Also at that time, few boxers appeared on the arena such as Sanharib Saliba from Haifa and Mardos Bokreshian from the Armenian Homentmen Club in Jerusalem.[10] Armenians were particularly strong in boxing. All Armenian matches were covered by the local press. Among the outstanding Armenian boxers, the most famous was Mardo Gozukutchukian, whose fights were attended by large enthusiastic crowds made up of all communities and even British soldiers. In 1940, “Boxer Mardo” won the title of the Near East Heavy Weight Champion after defeating the Egyptian champion, ‘Abdo Kibrit. [11]

Until, the end of 1947 many matches in boxing were held between Dasuqi, Saliba and Mardos Bokreshian.[12]  The sport’s column in Filastin described a rival match between Adib Dasoqi and Sanhareeb Saliba which was organized by Arab Labor Union [Jamiat al Ummal al-Arabia] in Haifa:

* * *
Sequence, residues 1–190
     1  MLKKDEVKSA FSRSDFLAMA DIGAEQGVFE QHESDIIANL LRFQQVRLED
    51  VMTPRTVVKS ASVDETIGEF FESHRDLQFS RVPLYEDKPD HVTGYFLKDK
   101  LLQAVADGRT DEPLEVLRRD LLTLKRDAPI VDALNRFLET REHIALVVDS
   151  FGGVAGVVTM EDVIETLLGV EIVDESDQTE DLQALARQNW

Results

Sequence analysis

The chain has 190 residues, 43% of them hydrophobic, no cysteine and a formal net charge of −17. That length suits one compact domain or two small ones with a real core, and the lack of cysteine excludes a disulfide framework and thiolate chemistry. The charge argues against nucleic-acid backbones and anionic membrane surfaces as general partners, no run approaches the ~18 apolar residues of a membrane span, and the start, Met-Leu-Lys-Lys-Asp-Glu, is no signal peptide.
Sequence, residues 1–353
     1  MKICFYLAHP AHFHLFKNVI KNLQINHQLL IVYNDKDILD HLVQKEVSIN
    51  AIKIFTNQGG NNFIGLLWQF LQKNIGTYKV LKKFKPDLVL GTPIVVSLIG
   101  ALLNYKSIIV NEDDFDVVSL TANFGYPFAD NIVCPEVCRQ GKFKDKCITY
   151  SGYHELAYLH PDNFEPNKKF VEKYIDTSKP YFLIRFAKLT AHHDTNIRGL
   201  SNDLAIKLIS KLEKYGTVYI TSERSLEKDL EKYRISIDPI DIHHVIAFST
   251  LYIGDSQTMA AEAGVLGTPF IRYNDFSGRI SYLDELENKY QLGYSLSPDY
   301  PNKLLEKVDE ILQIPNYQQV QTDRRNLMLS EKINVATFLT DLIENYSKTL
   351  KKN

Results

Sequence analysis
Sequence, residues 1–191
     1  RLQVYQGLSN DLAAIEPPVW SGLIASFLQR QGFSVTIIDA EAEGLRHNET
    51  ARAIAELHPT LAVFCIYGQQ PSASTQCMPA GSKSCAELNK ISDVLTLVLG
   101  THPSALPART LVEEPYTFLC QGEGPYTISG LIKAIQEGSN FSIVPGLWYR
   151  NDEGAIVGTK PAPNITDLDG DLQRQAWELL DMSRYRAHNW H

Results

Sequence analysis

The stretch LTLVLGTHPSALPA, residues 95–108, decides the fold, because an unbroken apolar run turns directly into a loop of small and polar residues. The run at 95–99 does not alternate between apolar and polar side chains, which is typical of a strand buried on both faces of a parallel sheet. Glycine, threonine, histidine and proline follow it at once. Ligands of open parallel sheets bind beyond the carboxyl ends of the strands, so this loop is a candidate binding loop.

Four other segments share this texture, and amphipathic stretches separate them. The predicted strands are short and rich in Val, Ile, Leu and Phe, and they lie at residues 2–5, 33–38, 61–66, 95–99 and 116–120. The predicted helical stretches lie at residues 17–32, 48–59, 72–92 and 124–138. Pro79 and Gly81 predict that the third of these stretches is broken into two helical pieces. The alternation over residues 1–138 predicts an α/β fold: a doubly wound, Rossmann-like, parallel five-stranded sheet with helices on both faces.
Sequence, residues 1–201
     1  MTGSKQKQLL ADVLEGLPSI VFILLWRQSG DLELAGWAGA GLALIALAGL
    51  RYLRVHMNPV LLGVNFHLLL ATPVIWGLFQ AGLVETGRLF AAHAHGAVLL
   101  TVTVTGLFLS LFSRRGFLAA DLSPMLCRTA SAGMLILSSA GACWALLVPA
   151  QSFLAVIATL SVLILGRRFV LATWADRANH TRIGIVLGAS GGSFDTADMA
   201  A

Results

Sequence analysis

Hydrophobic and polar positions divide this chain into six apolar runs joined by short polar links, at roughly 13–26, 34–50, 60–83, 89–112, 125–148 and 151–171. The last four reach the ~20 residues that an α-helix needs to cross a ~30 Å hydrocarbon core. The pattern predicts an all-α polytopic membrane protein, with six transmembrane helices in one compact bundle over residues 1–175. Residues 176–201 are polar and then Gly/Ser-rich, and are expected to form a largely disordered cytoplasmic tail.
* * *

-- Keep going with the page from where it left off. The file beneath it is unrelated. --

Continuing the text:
After the end of the first match, and after music of the Arab Sports Club had been played, Sanharib Saliba appeared on the ring followed by al-Dasuqi, an atmosphere of applauding and chanting filled the hall. The British referees took their places around the ring”. This match ended 172 points to Adeeb, 169.5 to Sanhareeb. [13]

     After the 1936 Revolt, the sport movement was passing through a state of stagnancy especially in the field of soccer. The 1936 Revolt gave the Jewish sports organizations the opportunity to sustain their relations with the British athletes, while at the same time, especially in late 1930’s due to the absence of the PSF these organizations had the ability to polarize the Arab teams to their side. However, the games in boxing increased; many matches took place with the British and Jewish teams.[14]
  In March 1941, on the stage of Cinema al-Hamra in Jaffa matches in boxing took place for the benefit of the Red Cross (WWII). Among the Arab boxers were Adib al-Dasuqi, Shawqi Aghabi, Hindawi, Shami, Fahil. Boxers representing the British Army, Palestinian Police, Jewish Maccabee and Hapoel took part also.